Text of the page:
I’m in heavy prep mode for the first year of the Doctor of Ministry cohort that I am leading for Fuller Seminary. The cohort begins in one month, and I’m thrilled to report that a full contingent of students have been admitted.
The cohort is focusing on Christian spirituality, which is, of course, a very broad subject. I’m reading several books to prep right now, among them the beautiful tome, The Story of Christian Spirituality, which traces the way that followers of Jesus have practiced their spirituality through the centuries.
One thing that’s intriguing to note, and easy to lose sight of two millennia later, is that in the very earliest church, practice begat doctrine. That is, the early church didn’t convene theological conferences to debate the nature of the godhead and then spin out a practice of prayer.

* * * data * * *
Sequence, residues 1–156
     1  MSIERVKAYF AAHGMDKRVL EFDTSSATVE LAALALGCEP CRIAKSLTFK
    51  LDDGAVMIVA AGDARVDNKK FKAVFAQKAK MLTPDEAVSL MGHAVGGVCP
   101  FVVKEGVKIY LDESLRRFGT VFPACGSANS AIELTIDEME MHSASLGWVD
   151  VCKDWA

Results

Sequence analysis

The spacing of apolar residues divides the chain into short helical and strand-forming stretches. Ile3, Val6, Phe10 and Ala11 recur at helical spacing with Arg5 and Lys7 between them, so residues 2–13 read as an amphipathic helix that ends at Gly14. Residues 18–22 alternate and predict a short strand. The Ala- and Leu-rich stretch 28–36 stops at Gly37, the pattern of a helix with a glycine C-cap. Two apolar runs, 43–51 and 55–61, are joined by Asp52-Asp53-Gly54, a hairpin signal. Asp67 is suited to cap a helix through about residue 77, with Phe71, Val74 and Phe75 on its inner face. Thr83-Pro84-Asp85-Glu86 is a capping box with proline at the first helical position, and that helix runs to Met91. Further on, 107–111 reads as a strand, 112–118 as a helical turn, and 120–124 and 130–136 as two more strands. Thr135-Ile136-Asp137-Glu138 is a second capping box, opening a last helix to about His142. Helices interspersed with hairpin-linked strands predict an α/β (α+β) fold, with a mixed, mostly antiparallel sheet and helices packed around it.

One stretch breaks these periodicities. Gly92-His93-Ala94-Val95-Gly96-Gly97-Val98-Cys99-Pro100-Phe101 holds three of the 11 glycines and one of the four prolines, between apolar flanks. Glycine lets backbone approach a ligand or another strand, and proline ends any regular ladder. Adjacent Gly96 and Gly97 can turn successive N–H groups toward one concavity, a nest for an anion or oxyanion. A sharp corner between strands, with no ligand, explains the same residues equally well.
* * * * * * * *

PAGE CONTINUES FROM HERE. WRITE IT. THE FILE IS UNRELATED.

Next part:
Instead, it’s clear in the earliest Christian documents that the people prayed, and out of their experience of God’s nearness did they develop doctrinal beliefs regarding who God is and how God acts. That all changed, of course, by the dawn of the fourth century: as the Christian religion was afforded more freedom, church leaders rose up to fight heresies. Thereafter, the formation of doctrine seems to have had as much impact on the evolution of Christian practice as it had happened conversely in the earliest years.
These days, it seems that most of our fights are about doctrine, with not so much thought about Christian practice. But in re-reading the earliest Christian documents (the Didache, the letters of Clement of Rome, the Shepherd of Hermas), they were concerned not about the right beliefs of Christians, but the purity of the church — a purity that was only achieved by the practices of prayer, fasting, and other lifestyle commitments.